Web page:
Back on June 24, New York's long struggle over legalizing same-sex marriage was decided once and for all by the governor and State Legislature. Buffalo Republican Mark Grisanti joined in the "yes" votes, and the matter seemed to have ended.

But it didn't.

The senator, praised in some quarters and vilified in others, is discovering the consequences of his vote. They are both good and bad for his re-election prospects.

In October, Grisanti and three other Republicans who voted for the bill traveled down to New York, where Mayor Michael Bloomberg feted them for what he called the courage of their convictions. Grisanti returned with receipts totaling well into six figures from gay groups and individuals now calling him an official friend.

As far as Grisanti's re-election was concerned, the New York fund-raiser worked out quite nicely.

The rookie senator has not forgotten, however, that he pulled off the political upset of 2010 by defeating Democratic incumbent Antoine Thompson. Grisanti also realizes he needs every advantage possible. His district will remain heavily Democratic no matter how reapportionment determines its boundaries, and it occupies the bull's-eye of the Senate Democrats' target list.

Now he must deal with the fallout from a Niagara Falls rumble he acknowledges he wishes hadn't happened. But the consequences of the same-sex marriage vote stack up as what really matters here.

Erie County Conservative Chairman Ralph Lorigo delivered that message a few days ago when the party denied him its line -- the same line that provided the margin of victory in 2010. Lorigo said Grisanti broke his promise not to vote for the measure, even though he had left open the possibility of Conservative backing after the vote. That prompted the nod for Chuck Swanick, a Democrat and former chairman of the County Legislature. "The worst problem he has is the question about his integrity," Lorigo said, referring to Grisanti's promise not to vote for the marriage bill.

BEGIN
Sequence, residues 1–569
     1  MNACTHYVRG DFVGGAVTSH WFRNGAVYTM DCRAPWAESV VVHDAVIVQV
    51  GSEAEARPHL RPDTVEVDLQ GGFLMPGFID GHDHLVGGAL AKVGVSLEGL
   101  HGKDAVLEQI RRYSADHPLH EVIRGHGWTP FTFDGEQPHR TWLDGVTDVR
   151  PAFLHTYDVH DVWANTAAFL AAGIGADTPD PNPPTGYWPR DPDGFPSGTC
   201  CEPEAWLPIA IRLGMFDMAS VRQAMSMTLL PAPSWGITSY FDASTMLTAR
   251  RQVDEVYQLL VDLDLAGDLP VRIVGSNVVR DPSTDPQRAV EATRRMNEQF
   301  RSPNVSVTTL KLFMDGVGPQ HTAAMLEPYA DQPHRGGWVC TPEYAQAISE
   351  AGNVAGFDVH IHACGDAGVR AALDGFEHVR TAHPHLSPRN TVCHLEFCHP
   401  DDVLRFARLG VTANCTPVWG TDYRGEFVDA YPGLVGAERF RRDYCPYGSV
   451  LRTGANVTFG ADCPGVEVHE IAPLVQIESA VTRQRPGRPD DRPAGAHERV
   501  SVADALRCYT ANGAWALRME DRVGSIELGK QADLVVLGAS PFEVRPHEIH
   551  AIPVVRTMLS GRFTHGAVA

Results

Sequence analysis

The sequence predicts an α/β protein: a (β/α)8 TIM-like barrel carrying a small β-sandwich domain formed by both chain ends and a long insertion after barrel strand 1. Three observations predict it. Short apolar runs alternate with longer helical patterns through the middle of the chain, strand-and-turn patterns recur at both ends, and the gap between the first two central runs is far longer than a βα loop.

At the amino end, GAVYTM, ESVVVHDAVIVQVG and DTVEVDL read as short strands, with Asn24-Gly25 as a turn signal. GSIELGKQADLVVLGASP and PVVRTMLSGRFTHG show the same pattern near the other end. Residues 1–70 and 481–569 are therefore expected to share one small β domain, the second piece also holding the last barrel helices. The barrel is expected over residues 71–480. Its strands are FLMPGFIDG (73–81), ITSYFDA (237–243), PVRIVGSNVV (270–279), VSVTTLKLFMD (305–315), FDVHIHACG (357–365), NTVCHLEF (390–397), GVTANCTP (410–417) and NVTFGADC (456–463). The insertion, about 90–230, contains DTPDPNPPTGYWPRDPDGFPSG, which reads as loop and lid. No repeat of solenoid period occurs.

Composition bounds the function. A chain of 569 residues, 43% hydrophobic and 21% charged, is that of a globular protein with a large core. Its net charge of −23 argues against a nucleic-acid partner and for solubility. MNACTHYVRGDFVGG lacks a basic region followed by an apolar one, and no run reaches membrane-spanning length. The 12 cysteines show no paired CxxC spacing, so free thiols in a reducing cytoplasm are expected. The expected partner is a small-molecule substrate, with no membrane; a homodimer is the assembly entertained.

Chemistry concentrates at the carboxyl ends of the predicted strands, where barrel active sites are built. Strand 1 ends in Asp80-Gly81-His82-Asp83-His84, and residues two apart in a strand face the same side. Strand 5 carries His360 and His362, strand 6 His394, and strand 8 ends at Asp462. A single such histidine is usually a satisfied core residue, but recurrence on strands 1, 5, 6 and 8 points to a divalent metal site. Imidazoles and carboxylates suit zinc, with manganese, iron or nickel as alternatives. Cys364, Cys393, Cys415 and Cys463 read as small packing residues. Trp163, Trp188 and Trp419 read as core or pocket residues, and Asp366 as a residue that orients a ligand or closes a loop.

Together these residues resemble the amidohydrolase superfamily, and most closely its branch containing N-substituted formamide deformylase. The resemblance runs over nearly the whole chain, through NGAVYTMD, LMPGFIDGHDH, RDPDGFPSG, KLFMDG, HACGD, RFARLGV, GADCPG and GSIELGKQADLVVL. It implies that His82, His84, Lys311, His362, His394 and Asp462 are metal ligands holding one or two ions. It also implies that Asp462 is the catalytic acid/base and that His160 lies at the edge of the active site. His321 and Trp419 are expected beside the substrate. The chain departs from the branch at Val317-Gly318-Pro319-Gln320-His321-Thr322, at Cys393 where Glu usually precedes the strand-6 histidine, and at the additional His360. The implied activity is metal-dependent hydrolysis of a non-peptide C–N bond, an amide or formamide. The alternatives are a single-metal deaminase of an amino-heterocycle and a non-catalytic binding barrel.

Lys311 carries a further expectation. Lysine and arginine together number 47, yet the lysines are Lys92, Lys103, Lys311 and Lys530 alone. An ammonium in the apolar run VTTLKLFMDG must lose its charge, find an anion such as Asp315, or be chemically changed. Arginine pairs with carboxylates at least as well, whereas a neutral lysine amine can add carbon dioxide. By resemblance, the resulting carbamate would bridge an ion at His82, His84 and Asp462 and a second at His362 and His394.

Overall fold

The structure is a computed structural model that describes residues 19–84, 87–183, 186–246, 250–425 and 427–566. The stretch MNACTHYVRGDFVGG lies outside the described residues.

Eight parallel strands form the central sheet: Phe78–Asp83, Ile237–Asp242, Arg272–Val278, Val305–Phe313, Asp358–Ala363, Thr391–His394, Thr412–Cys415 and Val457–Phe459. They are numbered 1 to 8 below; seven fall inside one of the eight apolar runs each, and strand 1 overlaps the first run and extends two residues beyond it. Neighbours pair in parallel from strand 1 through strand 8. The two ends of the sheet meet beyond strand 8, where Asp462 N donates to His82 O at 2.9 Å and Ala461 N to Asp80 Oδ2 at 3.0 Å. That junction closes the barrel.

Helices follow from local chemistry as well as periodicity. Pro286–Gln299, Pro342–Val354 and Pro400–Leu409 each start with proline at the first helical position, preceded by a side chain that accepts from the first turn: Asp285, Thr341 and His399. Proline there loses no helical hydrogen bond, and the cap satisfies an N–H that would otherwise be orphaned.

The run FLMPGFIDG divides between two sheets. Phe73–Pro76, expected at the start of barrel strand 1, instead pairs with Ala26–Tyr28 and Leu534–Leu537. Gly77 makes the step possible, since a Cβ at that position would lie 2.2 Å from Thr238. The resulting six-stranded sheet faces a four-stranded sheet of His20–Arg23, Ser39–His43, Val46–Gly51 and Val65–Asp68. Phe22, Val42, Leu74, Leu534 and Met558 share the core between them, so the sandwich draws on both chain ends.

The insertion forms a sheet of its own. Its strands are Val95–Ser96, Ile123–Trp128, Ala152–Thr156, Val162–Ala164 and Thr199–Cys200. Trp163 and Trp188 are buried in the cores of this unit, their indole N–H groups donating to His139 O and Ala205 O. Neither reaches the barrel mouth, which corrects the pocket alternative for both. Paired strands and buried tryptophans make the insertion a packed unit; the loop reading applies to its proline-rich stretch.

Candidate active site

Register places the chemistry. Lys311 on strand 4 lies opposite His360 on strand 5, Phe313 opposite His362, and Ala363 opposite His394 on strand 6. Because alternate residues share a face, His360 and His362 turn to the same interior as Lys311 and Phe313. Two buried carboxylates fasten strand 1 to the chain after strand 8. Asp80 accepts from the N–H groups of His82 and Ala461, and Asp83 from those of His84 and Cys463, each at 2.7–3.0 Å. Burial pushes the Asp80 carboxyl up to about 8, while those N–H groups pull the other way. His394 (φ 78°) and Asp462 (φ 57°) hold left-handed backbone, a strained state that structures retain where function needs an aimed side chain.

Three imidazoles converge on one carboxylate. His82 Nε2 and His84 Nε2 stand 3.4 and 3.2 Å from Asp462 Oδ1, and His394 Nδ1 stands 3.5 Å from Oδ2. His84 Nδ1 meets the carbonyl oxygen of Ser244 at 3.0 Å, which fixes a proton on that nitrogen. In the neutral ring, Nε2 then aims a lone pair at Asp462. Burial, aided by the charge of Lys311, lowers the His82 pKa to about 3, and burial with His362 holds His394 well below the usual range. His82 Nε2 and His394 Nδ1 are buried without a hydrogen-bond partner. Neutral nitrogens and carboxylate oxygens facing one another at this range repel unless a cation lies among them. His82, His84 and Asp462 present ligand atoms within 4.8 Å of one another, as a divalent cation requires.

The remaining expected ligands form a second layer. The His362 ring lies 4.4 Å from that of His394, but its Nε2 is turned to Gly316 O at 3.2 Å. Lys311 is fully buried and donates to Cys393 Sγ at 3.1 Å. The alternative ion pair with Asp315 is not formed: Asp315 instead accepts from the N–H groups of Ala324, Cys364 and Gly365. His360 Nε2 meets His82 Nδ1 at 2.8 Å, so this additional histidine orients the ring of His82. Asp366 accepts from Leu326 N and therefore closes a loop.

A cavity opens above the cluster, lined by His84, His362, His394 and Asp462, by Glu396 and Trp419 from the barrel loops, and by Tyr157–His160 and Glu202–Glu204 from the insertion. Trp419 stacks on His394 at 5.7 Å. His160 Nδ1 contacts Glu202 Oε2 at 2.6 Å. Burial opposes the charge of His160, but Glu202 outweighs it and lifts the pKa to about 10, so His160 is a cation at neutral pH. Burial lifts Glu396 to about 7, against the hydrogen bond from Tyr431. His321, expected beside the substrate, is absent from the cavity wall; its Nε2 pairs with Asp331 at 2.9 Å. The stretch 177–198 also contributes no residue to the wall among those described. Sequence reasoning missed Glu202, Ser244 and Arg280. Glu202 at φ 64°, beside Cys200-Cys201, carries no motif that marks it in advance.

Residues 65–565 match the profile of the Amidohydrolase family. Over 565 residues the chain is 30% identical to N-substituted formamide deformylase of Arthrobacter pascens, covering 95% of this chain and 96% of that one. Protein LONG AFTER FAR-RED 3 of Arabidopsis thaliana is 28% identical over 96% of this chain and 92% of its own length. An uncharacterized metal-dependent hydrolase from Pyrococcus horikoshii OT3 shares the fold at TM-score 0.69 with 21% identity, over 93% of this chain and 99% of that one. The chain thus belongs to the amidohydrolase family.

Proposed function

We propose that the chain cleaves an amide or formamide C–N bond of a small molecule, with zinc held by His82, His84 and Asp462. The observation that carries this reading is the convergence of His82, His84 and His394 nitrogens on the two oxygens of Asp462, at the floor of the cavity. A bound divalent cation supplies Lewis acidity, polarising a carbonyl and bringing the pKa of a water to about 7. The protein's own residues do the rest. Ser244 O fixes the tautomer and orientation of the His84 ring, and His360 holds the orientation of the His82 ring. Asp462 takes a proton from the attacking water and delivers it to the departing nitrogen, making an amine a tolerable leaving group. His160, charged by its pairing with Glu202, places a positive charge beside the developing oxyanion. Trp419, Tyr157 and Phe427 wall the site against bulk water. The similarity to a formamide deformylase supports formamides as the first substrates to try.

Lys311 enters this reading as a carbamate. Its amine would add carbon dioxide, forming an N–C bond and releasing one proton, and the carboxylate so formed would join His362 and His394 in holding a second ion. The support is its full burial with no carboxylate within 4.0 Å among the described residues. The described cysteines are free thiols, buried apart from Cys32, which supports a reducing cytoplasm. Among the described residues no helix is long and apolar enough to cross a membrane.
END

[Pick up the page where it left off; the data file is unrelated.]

But the vote also unleashed powerful political forces that Lorigo could not ignore. Dr. Kevin Backus, pastor of Bible Presbyterian Church on Grand Island and Grand Island Conservative chairman, had more than hinted that a registered Conservative might very well challenge Grisanti in a primary.

And the Rev. Jason McGuire, head of New Yorkers for Constitutional Freedoms and a major force in the pro-traditional marriage movement, said he joined the effort to persuade Lorigo. McGuire emphasized it follows the warning his forces issued to Senate Republicans last year.

"We said in an open letter to [Senate Majority Leader] Dean Skelos and the entire majority, that this would result in a bitter war with social conservatives," he said. "We're seeing that come to pass."

And, oh yes, a national group called the National Organization for Marriage said last week that a year after Grisanti solicited and accepted a $4,000 contribution, it has given a $5,000 donation to the Swanick campaign. Observers close to the scene say there's a lot more where that came from.

About the best Grisanti (who pronounces his name Gri-zon-tee) could do last week was counter with backing from the far less influential Independence Party, whose state chairman came up from Suffolk County to express support for "Sen. Gri-zon-tay."

With his vote, the senator has interjected himself into one of the major social debates of our time. As a result, watch for lots of money from gay groups and lots of money from conservative groups to meet on an Erie County battlefield. McGuire may have summed it up best: "We've awakened a sleeping giant here."